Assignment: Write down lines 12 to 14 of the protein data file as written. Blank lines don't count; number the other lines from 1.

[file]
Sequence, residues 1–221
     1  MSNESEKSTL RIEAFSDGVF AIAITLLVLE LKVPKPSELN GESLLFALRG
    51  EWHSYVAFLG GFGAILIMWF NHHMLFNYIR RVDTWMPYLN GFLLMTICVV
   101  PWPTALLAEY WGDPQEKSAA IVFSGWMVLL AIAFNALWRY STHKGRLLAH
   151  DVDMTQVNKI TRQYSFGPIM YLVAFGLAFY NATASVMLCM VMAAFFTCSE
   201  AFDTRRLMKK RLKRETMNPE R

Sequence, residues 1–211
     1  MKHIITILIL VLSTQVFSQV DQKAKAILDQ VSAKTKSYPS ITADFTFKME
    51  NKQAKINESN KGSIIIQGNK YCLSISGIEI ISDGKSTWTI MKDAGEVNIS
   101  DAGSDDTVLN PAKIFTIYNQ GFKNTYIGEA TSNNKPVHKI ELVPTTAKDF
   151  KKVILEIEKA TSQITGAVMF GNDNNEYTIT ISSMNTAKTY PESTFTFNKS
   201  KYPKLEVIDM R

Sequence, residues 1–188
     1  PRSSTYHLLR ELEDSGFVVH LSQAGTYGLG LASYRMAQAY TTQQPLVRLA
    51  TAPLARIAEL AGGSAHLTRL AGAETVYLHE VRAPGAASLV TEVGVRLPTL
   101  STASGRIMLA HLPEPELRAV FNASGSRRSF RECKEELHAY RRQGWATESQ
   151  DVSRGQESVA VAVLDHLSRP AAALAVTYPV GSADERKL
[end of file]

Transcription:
   201  KYPKLEVIDM R

Sequence, residues 1–188
     1  PRSSTYHLLR ELEDSGFVVH LSQAGTYGLG LASYRMAQAY TTQQPLVRLA